Dramatic Vote on House Tax Plan–“The Last Train”–to Resume Thursday

TOPEKA, Kansas — Kansas House members were to reconvene Thursday to finish voting on a bill that would raise taxes to close a budget deficit, appearing poised to vote it down and increase the likelihood of deep spending cuts.

House Speaker Ray Merrick called the latest plan members are voting on, ” the last train”.

The House broke off its session at midnight Wednesday, in the midst of the tax vote, and it was to pick up work at the same point on its agenda. The roll will be open under a procedure that was used to call in 10 absent members to vote. The tally stood at 86-29 against the bill, but the result is not yet final.
That maneuver is often used to give House leaders time to persuade lawmakers to change their votes, and the roll occasionally remains open for hours. The House also has a rule that cuts off business at midnight unless members vote specifically to work longer — which they did not Wednesday.
“Time for the gamesmanship to stop,” said House Minority Leader Tom Burroughs, a Kansas City Democrat. “Don’t hide behind this midnight rule.”
But even supporters of the bill, which has already passed the Senate, did not think it would advance. It raises more than $400 million during the fiscal year beginning July 1. It increases sales and cigarette taxes and includes a modest tax increase for business owners.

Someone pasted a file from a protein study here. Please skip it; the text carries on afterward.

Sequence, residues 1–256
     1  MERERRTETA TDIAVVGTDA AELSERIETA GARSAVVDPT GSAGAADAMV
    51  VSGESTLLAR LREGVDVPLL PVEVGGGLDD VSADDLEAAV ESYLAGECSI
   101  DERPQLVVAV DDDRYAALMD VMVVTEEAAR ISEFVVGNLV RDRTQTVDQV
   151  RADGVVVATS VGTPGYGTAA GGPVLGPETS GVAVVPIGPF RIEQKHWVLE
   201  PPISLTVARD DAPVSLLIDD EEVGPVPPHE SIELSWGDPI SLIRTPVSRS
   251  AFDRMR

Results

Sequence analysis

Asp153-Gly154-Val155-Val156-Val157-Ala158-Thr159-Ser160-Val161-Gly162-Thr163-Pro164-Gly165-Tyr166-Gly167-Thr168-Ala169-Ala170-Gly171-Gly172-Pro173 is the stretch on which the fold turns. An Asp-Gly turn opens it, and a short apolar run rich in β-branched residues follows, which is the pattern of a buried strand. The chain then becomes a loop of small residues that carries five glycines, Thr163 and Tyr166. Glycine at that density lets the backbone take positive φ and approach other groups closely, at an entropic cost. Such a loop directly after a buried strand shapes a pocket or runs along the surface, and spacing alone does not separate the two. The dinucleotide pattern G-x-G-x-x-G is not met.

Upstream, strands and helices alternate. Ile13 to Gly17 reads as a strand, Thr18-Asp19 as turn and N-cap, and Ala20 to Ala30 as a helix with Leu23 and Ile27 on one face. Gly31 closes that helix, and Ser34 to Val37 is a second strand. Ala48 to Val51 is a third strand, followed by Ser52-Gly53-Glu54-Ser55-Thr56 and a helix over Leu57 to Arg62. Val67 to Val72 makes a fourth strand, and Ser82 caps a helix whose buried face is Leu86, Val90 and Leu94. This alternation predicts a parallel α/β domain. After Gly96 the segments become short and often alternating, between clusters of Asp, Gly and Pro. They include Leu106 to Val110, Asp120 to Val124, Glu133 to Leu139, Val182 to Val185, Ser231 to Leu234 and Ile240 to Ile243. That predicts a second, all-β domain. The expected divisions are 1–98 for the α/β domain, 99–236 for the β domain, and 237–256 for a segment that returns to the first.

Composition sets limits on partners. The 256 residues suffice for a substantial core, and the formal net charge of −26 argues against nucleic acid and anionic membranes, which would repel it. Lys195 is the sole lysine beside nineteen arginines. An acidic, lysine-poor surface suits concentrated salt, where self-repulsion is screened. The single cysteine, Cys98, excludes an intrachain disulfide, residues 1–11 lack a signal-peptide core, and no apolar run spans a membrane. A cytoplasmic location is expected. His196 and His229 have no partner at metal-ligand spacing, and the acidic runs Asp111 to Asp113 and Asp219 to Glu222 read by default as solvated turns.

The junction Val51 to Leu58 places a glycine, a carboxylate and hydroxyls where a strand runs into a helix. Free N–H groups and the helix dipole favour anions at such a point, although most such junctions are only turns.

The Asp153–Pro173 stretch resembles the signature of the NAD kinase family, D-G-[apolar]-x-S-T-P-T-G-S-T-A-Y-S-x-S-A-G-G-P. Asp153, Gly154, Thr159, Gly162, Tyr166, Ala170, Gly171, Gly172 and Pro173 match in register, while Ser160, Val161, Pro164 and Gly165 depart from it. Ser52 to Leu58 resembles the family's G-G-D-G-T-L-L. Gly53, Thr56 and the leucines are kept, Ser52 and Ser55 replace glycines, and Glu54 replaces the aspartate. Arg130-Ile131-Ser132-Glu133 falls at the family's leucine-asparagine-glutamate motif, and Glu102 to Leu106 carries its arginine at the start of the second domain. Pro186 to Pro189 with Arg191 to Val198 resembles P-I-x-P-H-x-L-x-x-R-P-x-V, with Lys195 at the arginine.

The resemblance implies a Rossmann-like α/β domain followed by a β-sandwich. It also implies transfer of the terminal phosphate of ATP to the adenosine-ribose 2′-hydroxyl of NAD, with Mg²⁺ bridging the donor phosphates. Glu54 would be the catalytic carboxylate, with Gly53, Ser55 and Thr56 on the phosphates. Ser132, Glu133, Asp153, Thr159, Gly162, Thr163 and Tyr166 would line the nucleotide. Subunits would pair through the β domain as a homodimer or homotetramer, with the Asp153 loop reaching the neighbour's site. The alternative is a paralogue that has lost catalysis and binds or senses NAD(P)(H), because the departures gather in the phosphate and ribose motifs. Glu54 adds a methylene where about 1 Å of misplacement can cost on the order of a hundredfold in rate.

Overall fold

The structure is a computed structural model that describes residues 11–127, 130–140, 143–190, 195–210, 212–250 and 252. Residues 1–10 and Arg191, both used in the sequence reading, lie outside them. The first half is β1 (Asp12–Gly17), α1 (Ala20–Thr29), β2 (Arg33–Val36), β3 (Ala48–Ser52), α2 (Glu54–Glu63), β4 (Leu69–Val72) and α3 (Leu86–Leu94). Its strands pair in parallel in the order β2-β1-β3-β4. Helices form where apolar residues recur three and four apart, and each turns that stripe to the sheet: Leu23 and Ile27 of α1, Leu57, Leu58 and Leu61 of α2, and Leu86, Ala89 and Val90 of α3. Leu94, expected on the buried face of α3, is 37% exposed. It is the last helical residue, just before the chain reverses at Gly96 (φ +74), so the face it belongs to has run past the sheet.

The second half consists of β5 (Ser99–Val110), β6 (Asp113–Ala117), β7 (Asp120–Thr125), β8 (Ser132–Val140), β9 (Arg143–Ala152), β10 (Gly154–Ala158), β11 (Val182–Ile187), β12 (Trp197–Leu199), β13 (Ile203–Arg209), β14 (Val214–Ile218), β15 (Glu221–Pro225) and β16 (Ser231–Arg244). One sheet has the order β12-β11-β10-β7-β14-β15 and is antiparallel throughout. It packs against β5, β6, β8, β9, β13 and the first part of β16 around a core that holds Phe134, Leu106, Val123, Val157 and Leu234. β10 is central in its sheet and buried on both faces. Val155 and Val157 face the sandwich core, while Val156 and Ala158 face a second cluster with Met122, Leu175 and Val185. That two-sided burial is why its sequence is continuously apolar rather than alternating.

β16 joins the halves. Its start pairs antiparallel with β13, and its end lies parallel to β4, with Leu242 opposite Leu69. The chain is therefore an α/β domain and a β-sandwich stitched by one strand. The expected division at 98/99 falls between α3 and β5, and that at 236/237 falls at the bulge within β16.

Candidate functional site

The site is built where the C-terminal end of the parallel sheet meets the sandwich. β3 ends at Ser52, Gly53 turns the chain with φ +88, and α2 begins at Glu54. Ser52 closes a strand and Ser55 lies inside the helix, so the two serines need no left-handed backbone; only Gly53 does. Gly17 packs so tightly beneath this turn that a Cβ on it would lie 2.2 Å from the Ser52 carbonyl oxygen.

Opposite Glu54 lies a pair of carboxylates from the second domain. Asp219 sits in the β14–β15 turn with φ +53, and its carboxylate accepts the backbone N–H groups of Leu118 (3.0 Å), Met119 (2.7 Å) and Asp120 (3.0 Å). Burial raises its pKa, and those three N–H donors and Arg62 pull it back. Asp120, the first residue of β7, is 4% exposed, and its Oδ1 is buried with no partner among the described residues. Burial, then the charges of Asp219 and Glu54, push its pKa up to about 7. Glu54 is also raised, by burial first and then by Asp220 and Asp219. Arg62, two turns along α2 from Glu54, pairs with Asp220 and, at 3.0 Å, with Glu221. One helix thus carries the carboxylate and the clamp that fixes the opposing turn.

Because the Kansas Constitution prohibits the state from running a deficit, the tax increases are necessary to balance a $15.4 billion budget already approved by lawmakers.
“None of us, I think, comprehend at this moment what is going to happen to our citizens,” House Majority Leader Jene Vickrey, a Louisburg Republican, said in an unsuccessful effort to get House members to switch their votes to yes.
The state’s budget shortfall arose after lawmakers slashed personal income taxes in 2012 and 2013 at Republican Gov. Sam Brownback’s urging in an effort to stimulate the economy.
Brownback’s budget director told a group of lawmakers earlier this week that the governor’s most likely option for balancing the budget without a tax plan would be $400 million in spending cuts. But several top Republicans said if they adjourned without a tax plan, they expected Brownback to call a special session.
Thursday was the 112th day of the Legislature’s annual session, making it the longest in state history.

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